Most students have heard about figuring out your learning style… visual, auditory, kinesthetic (learning by doing), etc. Most people, however, learn by way of a combination of styles. Yes, it is important to discern your primary learning style, but don’t sell the other styles – or yourself – short. Here are a few simple steps to tap into the most effective way to study any subject with your own unique “combination” style:
Do the assigned reading. This introduces you to concepts and purpose, and it is helpful for visual learners.
Go to class. Seriously… go to class. You will be introduced to the information once again, but this time through listening. Hmmm… haven’t you heard this before? Nope, that was your reading.
Take notes. The information goes in for the third time, as you write.
Complete your homework assignments. This is the fourth hit with the same information, but a different style. The act of applying information assists with information retention. You will find that you know a lot of the material since you have been exposed to it three times already. What you don’t know, you look up, and suddenly you are hit with the information a fifth time… and you haven’t even begun studying yet!
Test yourself… or have someone else test you. You’ll realize that you’ve already retained many of the key concepts… this means you can focus your studying on those items you haven’t quite gotten.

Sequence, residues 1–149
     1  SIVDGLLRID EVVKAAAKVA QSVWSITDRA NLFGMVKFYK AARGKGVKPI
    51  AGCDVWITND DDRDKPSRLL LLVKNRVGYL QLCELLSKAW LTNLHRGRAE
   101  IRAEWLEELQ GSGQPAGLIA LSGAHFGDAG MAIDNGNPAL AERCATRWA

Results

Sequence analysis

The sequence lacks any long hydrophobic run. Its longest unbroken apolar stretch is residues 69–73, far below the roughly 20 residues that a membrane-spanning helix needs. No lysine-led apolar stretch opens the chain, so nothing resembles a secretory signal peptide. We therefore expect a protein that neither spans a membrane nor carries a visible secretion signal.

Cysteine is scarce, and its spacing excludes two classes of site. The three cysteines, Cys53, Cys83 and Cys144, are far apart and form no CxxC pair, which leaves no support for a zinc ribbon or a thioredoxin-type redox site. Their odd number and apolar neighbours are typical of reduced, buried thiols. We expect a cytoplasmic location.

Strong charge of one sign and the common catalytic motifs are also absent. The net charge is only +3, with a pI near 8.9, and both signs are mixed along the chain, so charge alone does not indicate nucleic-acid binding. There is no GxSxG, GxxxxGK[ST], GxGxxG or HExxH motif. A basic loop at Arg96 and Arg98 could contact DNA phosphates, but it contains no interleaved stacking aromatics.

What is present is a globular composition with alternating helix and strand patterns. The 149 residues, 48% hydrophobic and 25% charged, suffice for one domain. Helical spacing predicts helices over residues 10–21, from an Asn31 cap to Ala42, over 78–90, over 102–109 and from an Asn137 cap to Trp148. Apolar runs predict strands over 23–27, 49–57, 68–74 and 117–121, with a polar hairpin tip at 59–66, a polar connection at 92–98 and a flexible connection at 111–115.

Repeat. This is where the studying actually begins. Your choice: re-write your notes, re-read your notes, choose additional chapter problems… whatever works best for you. Some people will choose to do all three. Others choose to re-read over and over until the information is basically memorized. No matter how you do it, the key here is repetition. You will probably find you already know most of the information because you have been exposed to it so many times.
Exercise. No joke. Exercise gets the blood moving through your body and supplies oxygen and nutrients to all of your systems, including your brain. It will help improve memory and aid in retention of concepts.
Test yourself again. You’ve pretty much got it down by now, don’t you?
Tips & Warnings
• Create pictures, acronyms, rhymes, associations, and other mnemonics to help you remember lists, key words, etc.
• Teach others the material… many people learn by teaching
• Take breaks and rest well… give your mind a little down time